As we get to Reno monument and the aid station is being stocked by the volunteers, Tom asks if we can get something to drink. They give us the "Yea, It's all right, we're gonna be nice to you" routine. Then they see my race number pinned to the back of my CamelBak HAWG.
"Hey are you guys running the race?"We running down Alternate Route 40 at 7:05. By the time we're half way down the hill 800+ runners pass us in mass. We wave, smile and hear...
"Yea, we're making it a 100. We're a little behind but we'll see you in an hour.
Yo fellas you're going the wrong way!We make it into Boonsboro at 7:25 AM. It took us 10:55 for the first 50 miles. Right on schedule but the schedule slipped a little at the start. Pretty much. right on schedule. Mary and Kay are glad to see us but we're even more glad to see them. They offer encouragement and food. Tom has pancakes with butter and syrup and I have a breakfast sandwich. We put on the motivational JFK 100 race shirts and off we go.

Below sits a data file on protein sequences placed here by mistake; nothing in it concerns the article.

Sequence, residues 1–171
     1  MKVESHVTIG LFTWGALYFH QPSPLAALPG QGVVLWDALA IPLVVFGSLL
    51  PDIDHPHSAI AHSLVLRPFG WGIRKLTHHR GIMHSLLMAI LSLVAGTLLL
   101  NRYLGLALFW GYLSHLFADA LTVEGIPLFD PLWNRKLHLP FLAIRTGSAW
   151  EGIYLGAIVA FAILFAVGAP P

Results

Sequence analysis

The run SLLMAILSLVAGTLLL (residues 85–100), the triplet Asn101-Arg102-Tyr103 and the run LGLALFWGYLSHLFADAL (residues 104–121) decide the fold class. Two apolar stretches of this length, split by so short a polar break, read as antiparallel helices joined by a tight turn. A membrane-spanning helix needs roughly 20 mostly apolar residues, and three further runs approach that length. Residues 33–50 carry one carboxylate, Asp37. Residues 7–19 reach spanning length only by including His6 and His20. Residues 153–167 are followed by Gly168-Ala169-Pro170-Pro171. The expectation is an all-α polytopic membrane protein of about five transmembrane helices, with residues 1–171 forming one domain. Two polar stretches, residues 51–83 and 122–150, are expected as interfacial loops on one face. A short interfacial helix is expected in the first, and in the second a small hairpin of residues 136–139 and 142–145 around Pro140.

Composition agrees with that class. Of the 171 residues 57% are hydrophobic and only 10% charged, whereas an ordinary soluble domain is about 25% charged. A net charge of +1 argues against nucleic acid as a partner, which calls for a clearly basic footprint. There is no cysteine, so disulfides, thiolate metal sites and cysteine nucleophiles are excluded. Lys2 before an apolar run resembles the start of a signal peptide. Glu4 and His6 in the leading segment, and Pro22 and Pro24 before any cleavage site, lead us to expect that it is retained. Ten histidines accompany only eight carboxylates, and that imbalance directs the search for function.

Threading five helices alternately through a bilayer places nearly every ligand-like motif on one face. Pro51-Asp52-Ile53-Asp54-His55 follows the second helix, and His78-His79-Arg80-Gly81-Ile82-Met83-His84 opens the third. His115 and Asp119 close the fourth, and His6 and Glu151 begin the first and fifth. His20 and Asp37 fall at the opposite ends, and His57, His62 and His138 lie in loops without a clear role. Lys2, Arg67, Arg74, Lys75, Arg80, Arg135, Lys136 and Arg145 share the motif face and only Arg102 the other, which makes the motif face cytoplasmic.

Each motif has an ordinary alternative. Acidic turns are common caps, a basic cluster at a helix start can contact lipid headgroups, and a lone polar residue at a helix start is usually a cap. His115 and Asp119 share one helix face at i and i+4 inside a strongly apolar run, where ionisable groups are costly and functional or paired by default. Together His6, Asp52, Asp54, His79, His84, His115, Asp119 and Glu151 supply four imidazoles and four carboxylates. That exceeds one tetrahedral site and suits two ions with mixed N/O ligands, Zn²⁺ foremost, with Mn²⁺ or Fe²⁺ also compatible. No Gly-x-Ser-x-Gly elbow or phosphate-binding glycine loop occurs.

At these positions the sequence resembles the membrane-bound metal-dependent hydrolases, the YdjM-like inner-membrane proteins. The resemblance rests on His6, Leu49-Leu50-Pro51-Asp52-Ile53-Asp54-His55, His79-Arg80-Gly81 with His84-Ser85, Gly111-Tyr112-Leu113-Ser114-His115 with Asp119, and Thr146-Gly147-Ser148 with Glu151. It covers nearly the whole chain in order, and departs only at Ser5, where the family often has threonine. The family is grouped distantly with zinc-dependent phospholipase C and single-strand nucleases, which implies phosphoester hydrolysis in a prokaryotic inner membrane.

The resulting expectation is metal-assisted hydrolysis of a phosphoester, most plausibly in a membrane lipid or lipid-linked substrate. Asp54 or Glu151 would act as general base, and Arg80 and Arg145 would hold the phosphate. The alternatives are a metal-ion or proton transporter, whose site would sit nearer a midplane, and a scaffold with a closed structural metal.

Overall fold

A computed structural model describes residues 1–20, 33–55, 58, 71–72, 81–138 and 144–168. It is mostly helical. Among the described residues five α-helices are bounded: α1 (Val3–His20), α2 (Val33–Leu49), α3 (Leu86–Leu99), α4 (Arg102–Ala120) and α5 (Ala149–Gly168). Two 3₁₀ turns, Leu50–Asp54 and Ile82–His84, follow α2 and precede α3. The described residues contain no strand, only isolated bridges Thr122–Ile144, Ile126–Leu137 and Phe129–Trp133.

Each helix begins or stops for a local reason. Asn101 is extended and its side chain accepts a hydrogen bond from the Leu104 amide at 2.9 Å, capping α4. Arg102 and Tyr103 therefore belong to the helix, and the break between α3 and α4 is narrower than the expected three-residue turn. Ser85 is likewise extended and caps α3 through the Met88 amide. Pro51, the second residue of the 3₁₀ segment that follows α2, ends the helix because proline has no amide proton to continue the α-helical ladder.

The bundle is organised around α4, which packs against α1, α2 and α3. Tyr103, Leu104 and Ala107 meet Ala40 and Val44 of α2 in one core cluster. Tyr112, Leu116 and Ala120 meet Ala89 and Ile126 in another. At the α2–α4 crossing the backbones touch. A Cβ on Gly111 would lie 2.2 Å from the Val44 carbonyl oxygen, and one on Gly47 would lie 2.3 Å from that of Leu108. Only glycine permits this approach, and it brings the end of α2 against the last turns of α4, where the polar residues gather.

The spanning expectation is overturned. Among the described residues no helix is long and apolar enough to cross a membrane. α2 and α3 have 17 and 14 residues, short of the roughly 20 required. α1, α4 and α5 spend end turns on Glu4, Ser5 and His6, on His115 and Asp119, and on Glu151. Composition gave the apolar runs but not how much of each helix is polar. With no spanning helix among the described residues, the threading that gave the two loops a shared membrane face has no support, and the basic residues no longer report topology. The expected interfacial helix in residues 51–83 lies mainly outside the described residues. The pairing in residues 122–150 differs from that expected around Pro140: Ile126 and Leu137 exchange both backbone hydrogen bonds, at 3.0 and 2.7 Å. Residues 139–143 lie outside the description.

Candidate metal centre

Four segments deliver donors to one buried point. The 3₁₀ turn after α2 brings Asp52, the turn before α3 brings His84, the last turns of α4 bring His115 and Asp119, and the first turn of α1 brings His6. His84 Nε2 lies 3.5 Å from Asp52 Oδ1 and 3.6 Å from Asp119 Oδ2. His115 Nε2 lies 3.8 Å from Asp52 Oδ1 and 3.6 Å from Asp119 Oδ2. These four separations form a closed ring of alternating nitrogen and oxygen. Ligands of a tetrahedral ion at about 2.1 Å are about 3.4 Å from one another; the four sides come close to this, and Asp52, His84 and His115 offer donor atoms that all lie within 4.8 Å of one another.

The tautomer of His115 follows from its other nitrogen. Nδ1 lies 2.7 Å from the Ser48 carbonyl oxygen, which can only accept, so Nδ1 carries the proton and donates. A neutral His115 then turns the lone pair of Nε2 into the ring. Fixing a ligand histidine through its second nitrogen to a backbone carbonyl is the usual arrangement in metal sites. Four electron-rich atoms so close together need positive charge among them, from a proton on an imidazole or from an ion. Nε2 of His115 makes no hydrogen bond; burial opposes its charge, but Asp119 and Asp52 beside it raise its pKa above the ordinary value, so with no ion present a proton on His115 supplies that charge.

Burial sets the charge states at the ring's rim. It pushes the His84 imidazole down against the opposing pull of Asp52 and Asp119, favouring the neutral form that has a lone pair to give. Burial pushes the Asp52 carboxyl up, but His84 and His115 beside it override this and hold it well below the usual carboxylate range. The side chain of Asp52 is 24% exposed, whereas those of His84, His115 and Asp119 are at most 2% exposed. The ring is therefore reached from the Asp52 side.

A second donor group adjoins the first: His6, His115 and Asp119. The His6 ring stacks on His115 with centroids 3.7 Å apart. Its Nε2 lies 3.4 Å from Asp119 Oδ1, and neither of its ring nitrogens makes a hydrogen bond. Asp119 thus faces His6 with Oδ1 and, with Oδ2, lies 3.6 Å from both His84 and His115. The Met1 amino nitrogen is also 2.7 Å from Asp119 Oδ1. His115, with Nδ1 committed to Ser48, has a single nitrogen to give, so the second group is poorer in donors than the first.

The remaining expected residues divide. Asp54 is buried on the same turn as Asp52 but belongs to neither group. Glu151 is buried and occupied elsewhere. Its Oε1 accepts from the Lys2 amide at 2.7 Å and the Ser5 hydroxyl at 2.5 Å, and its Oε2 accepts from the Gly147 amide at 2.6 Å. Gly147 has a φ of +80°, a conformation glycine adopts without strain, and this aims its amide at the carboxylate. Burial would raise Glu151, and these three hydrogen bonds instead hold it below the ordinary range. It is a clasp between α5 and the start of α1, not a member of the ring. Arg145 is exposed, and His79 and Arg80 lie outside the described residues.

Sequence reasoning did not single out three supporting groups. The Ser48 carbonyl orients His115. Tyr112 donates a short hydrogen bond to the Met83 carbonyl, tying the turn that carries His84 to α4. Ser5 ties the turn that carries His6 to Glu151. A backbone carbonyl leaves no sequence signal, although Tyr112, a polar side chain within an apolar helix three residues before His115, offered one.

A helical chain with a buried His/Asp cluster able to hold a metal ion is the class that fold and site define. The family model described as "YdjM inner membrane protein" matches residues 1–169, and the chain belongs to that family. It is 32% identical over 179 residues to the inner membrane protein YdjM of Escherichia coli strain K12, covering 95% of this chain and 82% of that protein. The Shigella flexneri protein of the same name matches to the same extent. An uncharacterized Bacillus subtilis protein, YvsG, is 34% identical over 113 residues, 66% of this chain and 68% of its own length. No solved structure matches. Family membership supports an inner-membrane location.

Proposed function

you guy's OK?
Hey Tom, Hey Kevin
etc. etc. etc.
We run as much of the hill up to South Mountain as we can but end up walking some. We get to the top and see two guys standing around. It's the trail sweep and he's been waiting for us. Huh?
"Hey Tom, is there a cut off here?"I ask the sweep if there's a cut off. He looks at his watch,
"I don't know".
"Yes, you made it by four minutes".Holy stop watch, Batman! We sprint off and pass Rick Hamilton coming down from his directional duties on the AT. He stops us, we pose and he takes our picture. We start to talk but see the trail sweep stalking us.